SUNDAY WORSHIP WITH CHILDREN – PART TWO
A Time to Teach Structure
“For God is not a God of confusion but of peace…But all things should be done decently and in order.” 1 Corinthians 14:33, 40
A worship service has a structure to it. We have a time for the scriptures, announcements, singing, praying, and a message. This is all mapped out so that it flows well together so the message is heard loud and clear. Children need structure in their lives. This doesn’t come about naturally; it has to be taught. If we don’t teach structure, then children will create their own way of doing things. Training your children in self-control helps as we look at teaching how to follow the structure. We’ll tackle the one thing that is used by children as an escape from the service: the bathroom.
A time for bathroom privileges.
1. Scheduled Stop
There should be a scheduled stop for the bathroom before the service begins. This should become a habit. You want to let your children know that you care about their needs. It will be a time when you join them so that everybody goes, so to speak. This scheduled stop takes the place of getting up during the service.
Make sure that during your stop in the bathroom, you pick up at least two Kleenex each for your children. If they need to blow their nose during service, you already have the Kleenex to give to them. The nose is another excuse to leave the worship service. Be prepared.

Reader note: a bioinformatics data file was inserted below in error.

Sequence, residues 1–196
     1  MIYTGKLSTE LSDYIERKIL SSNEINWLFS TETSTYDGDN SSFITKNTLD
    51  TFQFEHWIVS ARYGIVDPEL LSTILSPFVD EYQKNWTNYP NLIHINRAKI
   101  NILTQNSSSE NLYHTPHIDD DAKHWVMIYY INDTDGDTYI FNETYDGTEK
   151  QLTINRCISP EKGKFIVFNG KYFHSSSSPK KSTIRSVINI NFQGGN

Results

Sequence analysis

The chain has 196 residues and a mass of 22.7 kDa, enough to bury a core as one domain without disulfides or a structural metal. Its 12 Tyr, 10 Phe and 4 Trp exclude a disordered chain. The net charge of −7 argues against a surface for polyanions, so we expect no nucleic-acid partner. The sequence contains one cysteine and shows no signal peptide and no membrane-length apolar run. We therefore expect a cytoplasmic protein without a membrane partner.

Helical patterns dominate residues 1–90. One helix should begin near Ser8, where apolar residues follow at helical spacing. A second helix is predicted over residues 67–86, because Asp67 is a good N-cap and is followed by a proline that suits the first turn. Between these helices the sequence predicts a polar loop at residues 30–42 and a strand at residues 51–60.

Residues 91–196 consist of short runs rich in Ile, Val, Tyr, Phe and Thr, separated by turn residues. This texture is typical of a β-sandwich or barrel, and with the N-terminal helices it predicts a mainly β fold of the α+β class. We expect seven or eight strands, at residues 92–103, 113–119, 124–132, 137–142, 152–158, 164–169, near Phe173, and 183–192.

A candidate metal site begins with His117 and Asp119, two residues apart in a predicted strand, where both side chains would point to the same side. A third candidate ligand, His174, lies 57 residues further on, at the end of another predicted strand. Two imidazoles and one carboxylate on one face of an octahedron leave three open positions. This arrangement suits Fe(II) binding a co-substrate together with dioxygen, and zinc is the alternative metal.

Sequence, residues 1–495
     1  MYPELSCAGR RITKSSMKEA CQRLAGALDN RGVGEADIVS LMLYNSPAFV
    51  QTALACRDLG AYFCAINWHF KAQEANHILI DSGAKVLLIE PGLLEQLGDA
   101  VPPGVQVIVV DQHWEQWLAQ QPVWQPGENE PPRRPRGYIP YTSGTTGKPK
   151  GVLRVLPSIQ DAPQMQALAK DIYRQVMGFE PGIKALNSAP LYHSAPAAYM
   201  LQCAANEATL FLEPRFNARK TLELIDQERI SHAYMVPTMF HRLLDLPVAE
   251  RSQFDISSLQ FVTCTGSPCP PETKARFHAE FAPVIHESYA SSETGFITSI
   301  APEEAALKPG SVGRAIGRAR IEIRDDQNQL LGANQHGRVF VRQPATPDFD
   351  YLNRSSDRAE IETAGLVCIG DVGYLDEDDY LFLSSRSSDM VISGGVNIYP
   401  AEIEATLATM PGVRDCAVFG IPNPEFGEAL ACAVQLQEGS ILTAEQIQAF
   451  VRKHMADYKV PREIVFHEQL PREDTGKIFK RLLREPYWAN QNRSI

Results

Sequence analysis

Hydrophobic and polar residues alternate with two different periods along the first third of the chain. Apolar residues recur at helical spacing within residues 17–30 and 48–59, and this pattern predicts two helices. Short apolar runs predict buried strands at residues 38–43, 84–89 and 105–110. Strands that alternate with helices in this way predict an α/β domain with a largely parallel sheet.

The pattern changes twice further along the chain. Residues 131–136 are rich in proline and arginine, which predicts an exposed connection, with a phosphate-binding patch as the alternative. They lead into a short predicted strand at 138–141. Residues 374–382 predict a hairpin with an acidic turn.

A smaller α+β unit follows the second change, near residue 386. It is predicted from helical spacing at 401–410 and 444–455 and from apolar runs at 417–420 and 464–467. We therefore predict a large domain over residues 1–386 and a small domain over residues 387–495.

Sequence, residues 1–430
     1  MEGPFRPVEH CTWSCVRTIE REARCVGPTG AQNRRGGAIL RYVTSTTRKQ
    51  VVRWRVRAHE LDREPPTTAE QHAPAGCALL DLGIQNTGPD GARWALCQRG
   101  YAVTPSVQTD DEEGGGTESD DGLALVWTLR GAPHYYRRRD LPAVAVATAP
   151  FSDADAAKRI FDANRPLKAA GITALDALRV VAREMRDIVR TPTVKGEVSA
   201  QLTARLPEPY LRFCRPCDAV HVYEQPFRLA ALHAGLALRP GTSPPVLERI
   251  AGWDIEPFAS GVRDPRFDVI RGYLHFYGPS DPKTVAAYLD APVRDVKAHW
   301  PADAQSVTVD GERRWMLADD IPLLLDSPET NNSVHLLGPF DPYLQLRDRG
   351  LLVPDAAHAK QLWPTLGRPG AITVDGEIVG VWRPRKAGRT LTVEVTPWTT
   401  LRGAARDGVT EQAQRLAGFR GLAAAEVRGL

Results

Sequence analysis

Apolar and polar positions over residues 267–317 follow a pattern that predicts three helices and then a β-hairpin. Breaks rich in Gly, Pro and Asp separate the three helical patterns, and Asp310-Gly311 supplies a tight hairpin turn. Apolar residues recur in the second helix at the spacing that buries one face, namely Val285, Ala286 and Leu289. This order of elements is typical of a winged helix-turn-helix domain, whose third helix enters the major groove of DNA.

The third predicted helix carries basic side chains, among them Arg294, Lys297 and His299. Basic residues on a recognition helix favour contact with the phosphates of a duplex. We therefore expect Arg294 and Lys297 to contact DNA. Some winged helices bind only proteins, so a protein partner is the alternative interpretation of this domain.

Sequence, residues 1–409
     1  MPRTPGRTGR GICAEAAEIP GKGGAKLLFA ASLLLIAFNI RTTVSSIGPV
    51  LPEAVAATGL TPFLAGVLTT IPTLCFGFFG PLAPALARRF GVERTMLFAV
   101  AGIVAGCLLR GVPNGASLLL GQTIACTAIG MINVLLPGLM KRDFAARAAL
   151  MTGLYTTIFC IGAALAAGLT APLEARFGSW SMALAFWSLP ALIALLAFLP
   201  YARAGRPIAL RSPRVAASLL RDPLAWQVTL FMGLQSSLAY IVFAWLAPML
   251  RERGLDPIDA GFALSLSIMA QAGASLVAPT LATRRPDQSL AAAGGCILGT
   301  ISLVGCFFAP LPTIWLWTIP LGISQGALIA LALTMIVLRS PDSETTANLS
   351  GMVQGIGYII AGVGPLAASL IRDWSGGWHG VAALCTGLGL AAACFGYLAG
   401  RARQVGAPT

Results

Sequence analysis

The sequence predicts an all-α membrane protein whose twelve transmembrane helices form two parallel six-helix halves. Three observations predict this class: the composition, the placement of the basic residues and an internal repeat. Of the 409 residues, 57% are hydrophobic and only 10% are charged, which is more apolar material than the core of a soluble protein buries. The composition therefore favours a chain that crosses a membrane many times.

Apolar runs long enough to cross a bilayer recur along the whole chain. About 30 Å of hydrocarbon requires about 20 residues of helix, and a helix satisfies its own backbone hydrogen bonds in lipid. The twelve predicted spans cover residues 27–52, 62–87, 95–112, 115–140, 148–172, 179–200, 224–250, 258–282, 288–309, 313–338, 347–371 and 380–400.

3. Service Stop
If your child needs to go to the bathroom during the service, you need to go with him. If there is truly a need to go, you will know the legitimacy of it when you accompany your child.
An emergency is understandable. What we need to keep in perspective is that our children can play for over two hours without a bathroom break. Therefore, “regular” emergencies are not acceptable.
A time to prepare for all the structured parts of a worship service.
Use the bulletin to explain to your children ahead of time what is going to happen during your time in the service.
2. During the Service
Use the bulletin during the service to show the children what part of the service you are experiencing. This will keep them engaged and looking for what will happen next.